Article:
The Kirchberg convent is a monastery located in Sulz am Neckar in Baden-Wuerttemberg, Germany. The monastery is considered to be one of the most historically important religious buildings in Baden-Wuerttemberg. It also ranks as one of the oldest, having been built in the early 13th century, and one of the first female church houses in central Europe.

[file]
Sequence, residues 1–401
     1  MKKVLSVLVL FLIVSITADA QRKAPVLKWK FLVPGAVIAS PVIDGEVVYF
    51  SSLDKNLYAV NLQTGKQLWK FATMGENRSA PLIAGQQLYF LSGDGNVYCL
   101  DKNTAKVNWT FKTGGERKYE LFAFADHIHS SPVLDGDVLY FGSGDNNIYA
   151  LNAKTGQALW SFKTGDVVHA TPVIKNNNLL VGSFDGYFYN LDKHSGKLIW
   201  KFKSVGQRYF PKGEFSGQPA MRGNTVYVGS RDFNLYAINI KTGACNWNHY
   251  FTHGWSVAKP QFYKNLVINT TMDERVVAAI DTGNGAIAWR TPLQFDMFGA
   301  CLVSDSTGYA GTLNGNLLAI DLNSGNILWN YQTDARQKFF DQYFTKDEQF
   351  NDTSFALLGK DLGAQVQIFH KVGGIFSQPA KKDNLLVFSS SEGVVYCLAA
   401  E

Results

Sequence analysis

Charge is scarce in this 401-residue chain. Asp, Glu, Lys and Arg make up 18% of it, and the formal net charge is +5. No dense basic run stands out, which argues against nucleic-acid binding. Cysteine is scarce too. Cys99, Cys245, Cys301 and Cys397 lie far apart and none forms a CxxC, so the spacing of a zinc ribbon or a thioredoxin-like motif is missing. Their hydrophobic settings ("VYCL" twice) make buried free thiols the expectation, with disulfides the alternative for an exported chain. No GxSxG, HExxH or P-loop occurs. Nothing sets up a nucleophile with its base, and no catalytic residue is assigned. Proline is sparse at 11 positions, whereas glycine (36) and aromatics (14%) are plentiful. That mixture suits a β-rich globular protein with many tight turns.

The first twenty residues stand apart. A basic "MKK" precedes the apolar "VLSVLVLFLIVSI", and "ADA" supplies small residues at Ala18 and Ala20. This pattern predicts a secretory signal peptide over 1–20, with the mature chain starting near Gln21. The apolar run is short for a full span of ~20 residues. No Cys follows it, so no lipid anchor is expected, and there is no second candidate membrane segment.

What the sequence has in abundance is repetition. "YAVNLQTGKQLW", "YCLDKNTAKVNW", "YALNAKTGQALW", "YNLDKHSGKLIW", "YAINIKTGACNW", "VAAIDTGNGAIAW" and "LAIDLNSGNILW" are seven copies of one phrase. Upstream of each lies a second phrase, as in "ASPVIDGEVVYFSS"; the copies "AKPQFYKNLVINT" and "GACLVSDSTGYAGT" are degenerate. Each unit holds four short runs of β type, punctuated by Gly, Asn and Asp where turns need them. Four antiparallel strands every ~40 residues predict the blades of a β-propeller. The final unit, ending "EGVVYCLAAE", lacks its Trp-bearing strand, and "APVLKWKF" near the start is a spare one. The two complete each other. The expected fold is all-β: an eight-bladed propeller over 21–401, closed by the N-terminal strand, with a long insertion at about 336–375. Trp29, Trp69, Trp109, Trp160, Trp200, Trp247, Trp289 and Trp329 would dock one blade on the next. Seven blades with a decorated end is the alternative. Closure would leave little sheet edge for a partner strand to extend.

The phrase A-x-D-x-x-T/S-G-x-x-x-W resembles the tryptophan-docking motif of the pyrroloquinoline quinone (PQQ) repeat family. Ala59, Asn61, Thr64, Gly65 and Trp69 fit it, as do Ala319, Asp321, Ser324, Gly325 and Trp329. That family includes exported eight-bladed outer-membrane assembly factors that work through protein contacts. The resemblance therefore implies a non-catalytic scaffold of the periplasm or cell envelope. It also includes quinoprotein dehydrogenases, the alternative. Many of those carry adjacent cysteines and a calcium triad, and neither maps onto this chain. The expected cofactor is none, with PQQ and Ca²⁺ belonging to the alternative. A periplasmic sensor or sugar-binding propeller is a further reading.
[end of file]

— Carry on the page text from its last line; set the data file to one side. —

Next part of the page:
The Kirchberg monastery was a convent built in 1237, on the site of a former castle. In 1245 the monastery was recognised by Pope Innocent IV. Over roughly the same period, the number of nuns entering the convent went from around ten to sixty. This rise in the population of the convent can be credited in part to the apparent surge of 'religious awareness', with more women wanting to live the life of a nun or at least one of piety in order to ensure that they remained spiritually healthy. The convent continued its religious work for the next 500 years, despite the many changes that occurred in the area. However, after a secularisation that occurred in 1806, the monastery was virtually condemned to disuse: the nuns that were there were allowed to remain for the rest of their lives, but no more were allowed to join. The last nun left the monastery in 1865.
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